A successful career could start behind a cash register or at a drive-thru window.
More than 3 million people work at fast food restaurants across the U.S., according to the latest numbers published by the Bureau of Labor Statistics.
Fast food jobs are often misjudged as being low-skill and dead-end, but they can actually provide invaluable career experience, Tiffanie Boyd, McDonald’s senior vice president and chief people officer for the U.S., tells CNBC Make It.
Working in fast food offers opportunities to cultivate “critical soft skills” including time management, customer service, communication and adaptability, Boyd says. But the most important skill you develop as a fast food employee is learning to work quickly and efficiently under pressure.
“You have to navigate a fast-paced environment and the tight deadlines and expectations that come along with it: getting orders out on time, managing an influx of customers,” Boyd, 50, explains.
She continues: “Once you get the hang of that skill, it can help you excel in any job, whether you’re a software developer, leading a retail team or working in investment banking, because you’re able to calmly process a lot of incoming information, take action quickly, and deliver some type of result.”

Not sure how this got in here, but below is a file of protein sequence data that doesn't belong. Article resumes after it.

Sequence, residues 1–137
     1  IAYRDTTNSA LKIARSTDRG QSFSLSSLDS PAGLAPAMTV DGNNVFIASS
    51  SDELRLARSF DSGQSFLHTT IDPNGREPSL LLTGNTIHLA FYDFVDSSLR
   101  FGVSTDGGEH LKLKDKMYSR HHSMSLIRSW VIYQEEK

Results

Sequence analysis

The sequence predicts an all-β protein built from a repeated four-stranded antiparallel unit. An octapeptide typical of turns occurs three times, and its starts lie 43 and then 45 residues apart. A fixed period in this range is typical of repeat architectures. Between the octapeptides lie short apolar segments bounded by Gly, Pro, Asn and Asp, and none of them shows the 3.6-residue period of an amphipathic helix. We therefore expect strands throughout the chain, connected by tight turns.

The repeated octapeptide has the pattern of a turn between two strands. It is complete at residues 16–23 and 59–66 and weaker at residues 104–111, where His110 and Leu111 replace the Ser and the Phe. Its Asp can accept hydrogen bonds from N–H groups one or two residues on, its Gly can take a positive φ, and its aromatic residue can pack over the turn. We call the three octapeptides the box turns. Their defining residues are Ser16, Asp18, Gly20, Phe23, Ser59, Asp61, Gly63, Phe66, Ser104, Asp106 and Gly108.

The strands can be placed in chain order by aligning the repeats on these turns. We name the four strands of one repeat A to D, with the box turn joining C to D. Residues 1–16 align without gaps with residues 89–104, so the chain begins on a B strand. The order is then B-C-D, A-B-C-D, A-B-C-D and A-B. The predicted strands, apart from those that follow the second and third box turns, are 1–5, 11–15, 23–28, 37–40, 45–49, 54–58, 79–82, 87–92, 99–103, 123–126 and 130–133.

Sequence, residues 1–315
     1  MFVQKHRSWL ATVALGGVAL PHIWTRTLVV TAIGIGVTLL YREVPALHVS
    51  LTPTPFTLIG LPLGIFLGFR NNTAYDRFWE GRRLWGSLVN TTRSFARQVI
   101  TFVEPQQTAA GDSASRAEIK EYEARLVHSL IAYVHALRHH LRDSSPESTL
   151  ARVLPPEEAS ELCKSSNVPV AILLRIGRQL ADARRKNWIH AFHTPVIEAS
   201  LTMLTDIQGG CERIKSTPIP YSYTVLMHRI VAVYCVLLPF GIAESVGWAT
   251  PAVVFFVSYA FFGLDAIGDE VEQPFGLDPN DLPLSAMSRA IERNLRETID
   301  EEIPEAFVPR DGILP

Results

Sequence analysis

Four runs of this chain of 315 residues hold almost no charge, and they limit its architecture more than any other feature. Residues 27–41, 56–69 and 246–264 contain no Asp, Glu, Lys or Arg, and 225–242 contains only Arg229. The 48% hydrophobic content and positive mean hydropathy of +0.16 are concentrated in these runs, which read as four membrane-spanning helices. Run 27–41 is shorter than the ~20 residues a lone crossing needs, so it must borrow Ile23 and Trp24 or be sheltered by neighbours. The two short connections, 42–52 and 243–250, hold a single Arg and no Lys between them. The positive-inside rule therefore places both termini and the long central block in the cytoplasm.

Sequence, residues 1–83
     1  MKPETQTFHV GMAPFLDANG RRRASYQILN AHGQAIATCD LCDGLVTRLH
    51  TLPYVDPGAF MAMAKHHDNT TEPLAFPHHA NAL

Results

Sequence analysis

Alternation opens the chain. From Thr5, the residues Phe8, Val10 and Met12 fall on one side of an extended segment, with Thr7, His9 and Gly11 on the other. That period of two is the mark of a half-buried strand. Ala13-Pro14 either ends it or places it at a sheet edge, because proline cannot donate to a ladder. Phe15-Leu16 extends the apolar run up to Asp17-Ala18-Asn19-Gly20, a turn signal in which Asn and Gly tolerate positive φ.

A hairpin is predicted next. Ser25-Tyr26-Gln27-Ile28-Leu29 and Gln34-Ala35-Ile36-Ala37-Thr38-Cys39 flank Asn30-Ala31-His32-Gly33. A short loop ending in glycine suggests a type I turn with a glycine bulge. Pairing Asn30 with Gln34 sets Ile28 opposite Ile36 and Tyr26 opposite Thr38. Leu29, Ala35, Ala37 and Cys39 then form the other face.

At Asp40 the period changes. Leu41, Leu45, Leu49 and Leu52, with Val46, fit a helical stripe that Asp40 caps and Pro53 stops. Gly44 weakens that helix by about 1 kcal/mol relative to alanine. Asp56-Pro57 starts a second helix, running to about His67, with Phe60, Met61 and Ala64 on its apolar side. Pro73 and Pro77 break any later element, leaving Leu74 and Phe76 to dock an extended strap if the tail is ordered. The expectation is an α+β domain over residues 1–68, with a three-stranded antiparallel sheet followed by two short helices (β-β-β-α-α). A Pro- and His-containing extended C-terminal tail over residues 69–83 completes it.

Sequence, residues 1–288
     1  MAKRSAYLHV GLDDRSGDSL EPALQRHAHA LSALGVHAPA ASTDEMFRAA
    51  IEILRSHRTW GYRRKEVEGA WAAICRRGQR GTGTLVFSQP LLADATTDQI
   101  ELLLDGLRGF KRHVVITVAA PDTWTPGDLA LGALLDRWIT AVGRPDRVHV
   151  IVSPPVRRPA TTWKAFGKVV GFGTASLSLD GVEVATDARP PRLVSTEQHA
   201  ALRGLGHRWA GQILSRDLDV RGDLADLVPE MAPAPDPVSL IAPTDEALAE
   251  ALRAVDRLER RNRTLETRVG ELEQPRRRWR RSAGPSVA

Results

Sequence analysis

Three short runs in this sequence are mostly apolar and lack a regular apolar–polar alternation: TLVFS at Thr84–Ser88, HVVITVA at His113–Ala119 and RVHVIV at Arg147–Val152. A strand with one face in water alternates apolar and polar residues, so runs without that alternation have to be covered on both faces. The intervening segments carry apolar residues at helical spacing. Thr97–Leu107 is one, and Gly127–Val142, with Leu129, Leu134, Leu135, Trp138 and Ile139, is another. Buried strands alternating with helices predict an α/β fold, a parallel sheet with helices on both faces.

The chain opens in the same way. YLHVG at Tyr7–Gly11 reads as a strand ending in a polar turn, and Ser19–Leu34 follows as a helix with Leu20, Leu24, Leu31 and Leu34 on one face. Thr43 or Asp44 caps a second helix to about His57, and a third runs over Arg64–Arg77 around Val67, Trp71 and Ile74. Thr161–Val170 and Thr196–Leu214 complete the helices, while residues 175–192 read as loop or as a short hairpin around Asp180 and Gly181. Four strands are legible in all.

Dozens of notable business leaders, politicians, actors and more started their careers in fast-food restaurants, including Amazon founder Jeff Bezos, former President Barack Obama and multi-hyphenate star Queen Latifah.
Peloton instructor Cody Rigsby landed his first job ever at McDonald’s in Greensboro, North Carolina when he was just 16 years old.
While celebrating the restaurant chain’s “1 in 8” initiative in New York City on October 11 — a nod to the fact that one in eight Americans have worked at McDonald’s — Rigsby said the job served as a crucial stepping stone in his professional development.
“It was the first opportunity that gave me a strong work ethic and started me on my way to my career,” Rigsby, 36, said.
Two of the most important skills he learned while working at McDonald’s, and has continued to apply in “every job” he’s had since, are time management and compassion.
“People notice when you’re on time or early, it shows respect and that takes you a long way,” Rigsby explained. “Also, when you work with a ton of different people, and treat them all with humanity, kindness and respect, it’s noticed everywhere you go … take that skill with you, no matter how rich or successful you get.”
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